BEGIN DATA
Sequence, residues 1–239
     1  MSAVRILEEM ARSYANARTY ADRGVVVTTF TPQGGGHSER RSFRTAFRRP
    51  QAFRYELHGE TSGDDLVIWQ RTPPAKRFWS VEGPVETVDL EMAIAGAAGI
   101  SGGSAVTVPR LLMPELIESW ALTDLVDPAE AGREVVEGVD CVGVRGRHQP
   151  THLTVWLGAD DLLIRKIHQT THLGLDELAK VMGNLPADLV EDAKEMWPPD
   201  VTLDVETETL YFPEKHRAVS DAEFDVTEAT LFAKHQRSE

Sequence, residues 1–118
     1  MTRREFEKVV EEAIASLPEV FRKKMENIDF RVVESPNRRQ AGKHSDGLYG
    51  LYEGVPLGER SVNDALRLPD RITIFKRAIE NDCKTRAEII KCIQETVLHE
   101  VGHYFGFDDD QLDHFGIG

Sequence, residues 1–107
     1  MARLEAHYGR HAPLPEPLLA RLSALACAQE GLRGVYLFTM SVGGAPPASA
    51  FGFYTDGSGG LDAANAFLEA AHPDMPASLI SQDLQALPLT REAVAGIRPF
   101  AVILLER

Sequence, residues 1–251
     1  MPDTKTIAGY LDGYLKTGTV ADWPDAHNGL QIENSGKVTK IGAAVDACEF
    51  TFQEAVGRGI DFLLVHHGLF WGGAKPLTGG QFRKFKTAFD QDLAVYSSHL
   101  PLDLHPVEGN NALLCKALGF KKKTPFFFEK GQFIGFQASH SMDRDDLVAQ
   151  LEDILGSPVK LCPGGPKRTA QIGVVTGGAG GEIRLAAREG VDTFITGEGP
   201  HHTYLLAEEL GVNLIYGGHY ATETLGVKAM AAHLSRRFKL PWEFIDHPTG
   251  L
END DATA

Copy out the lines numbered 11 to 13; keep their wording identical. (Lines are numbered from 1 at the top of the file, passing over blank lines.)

Sequence, residues 1–107
     1  MARLEAHYGR HAPLPEPLLA RLSALACAQE GLRGVYLFTM SVGGAPPASA
    51  FGFYTDGSGG LDAANAFLEA AHPDMPASLI SQDLQALPLT REAVAGIRPF